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OK, I haven't read the book. So I may have this wrong. Maybe. But look at the most recent issue of Fortune Magazine (January 10, 2000) and you'll see a book review of "Now or Never: How Companies Must Change Today to Win the Battle for Internet Consumers," by Mary Modahl, a VP at Forrester Research.

Here is just a snippet of what the review (written by Anne Fisher) says, and this is what set me off to writing a letter to the editor.

"The first thing she wants you to understand (and boy, has she documented it) is that the traditional truisms about consumer behavior are, when it comes to online retailing, just plain wrong. Age, race, gender, the (always slightly creepy) compilations of data about what kind of person lives in which zip code - forget all that. Modahl's survey of 250,000 U.S. households shows that what matter most is each consumer's attitude toward technology itself, ranging from eagerly accepting to profoundly suspicious."

Why am I skeptical? Pick up any copy of the Journal of Marketing or the Journal of Marketing Research (in fact, the copy can come from the 1970s) and you'll see studies that have already documented these facts.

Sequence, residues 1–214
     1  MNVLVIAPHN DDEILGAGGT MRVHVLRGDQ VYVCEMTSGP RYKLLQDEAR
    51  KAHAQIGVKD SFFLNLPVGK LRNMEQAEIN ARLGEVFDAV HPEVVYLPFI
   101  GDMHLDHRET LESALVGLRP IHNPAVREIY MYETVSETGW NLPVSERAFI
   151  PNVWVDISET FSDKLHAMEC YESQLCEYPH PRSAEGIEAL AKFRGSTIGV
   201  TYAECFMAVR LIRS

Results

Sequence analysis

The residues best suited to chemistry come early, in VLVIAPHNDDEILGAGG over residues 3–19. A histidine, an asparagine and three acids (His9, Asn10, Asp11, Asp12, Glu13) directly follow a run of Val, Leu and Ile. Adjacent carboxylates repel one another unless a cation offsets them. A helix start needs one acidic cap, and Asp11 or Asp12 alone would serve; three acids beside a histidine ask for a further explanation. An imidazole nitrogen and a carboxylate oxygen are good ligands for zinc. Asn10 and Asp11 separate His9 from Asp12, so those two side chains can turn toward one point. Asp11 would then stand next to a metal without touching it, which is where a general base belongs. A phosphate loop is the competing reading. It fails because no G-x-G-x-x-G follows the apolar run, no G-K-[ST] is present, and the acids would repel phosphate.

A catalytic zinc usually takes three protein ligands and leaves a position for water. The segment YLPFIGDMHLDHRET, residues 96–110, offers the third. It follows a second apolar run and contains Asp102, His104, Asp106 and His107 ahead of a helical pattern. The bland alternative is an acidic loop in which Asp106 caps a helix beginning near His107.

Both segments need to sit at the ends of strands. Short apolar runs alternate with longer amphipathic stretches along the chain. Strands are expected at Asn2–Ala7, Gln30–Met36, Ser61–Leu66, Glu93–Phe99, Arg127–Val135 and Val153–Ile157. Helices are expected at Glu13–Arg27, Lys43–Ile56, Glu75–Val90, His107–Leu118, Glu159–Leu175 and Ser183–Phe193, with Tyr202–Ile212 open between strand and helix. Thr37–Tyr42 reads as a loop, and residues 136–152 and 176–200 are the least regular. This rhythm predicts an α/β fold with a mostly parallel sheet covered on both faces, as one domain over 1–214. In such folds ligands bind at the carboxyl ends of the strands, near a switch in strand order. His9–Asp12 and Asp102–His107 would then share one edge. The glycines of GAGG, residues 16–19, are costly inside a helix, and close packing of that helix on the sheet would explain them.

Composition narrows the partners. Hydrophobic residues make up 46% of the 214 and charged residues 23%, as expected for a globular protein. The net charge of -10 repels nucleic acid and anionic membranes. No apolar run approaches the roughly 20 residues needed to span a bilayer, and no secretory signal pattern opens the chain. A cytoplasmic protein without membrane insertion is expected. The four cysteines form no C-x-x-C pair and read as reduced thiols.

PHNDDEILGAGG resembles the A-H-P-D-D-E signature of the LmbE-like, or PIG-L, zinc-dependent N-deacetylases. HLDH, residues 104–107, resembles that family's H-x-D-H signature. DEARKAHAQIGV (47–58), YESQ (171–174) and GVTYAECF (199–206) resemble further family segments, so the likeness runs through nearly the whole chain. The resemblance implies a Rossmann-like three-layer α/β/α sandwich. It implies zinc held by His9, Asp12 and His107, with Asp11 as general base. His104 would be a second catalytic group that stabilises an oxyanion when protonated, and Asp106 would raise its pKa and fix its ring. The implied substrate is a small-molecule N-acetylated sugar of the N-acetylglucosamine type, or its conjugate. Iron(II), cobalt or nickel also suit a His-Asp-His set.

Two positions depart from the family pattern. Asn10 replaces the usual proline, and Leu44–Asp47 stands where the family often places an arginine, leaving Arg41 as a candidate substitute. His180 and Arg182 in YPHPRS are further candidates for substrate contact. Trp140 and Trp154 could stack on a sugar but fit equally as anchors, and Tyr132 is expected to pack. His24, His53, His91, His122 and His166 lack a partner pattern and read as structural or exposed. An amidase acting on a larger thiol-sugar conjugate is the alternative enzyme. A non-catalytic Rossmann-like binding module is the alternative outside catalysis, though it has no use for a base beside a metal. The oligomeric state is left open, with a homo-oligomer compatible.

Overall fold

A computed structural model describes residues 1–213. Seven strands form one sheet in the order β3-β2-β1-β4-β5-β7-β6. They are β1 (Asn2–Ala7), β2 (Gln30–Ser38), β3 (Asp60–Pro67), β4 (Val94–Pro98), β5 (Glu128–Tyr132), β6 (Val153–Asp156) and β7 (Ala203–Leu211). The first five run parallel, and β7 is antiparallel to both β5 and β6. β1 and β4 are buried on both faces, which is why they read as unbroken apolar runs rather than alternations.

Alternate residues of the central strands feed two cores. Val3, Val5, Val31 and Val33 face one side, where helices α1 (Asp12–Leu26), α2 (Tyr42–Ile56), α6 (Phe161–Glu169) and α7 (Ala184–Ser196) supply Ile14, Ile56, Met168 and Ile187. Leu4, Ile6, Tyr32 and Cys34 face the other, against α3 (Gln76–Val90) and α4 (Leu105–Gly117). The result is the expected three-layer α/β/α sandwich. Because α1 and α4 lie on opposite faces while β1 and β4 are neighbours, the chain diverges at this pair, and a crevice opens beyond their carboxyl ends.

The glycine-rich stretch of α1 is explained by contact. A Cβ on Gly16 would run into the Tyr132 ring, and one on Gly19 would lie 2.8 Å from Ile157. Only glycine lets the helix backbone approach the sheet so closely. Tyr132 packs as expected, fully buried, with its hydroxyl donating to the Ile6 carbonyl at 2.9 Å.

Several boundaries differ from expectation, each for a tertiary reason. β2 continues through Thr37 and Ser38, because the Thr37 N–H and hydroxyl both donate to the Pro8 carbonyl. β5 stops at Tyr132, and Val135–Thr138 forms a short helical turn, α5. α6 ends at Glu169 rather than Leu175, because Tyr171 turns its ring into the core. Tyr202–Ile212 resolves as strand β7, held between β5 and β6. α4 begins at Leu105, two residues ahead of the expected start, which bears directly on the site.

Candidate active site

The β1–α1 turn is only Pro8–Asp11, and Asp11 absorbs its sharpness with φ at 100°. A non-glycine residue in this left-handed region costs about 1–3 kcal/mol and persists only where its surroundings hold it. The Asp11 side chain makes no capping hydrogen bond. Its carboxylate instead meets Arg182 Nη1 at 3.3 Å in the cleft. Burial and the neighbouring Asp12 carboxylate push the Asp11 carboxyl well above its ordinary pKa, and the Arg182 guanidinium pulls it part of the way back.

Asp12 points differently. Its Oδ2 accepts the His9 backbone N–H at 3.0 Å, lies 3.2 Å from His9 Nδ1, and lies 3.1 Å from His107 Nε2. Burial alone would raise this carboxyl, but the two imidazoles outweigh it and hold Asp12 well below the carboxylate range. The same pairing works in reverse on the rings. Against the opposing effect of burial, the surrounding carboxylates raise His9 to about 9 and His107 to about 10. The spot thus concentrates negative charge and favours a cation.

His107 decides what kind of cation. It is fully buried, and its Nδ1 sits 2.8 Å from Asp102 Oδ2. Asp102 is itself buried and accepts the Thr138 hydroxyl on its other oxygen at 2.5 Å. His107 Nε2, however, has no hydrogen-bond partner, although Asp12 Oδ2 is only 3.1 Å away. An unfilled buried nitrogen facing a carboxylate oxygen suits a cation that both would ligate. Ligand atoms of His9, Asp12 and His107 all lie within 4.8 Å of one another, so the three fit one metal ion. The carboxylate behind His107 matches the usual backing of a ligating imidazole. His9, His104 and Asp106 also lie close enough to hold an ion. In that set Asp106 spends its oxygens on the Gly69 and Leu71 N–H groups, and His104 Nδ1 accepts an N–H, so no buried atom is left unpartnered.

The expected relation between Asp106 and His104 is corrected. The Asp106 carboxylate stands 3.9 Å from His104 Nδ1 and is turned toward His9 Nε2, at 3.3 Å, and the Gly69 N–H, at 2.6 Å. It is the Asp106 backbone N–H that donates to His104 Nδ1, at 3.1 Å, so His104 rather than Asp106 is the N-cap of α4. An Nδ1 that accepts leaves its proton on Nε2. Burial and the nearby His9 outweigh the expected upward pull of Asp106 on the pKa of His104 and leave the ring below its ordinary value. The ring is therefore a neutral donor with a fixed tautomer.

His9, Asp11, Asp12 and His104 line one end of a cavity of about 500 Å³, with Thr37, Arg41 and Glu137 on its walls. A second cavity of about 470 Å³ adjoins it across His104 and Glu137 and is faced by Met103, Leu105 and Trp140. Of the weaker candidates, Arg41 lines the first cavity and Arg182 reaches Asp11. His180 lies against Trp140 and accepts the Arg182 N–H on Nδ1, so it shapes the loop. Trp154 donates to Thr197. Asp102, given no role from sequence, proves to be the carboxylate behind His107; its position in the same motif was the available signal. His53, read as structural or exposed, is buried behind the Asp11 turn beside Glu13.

Anyway, here is a copy of the email I sent to the editors of Fortune Magazine (by the way, the editors informed me on Monday (1/3/2000) that this will be in the next issue of Fortune).


I read the book review of Mary Modahl's book (Now or Never) and was amused by Anne Fisher's statement that "the traditional truisms about consumer behavior are, when it comes to online retailing, just plain wrong." Having not read Modahl's book, I can only assume this statement reflects the book's content. But let's be clear. Consumer researchers in academic institutions have known for over thirty years that race, gender and compilations of data from zip codes is an inappropriate way to break out a consumer market. The long history on adoption of innovations have long indicated what now is called a "new" way of thinking about consumer's attitudes towards technology itself. Please, spend more time becoming acquainted with what academics have known and studied for years and you won't be impressed with this so-called brand new way of thinking. It isn't.

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image of Allen Weiss

Allen Weiss is the founder of MarketingProfs as well as the founding teacher and director of Mindful USC, and a senior teacher at where he has taught mindfulness classes for the past 12 years. He started meditating in the mindfulness tradition in 2005 and in 2011 his Basics of Mindfulness class at InsightLA was noted the Best in Los Angeles by LA Magazine.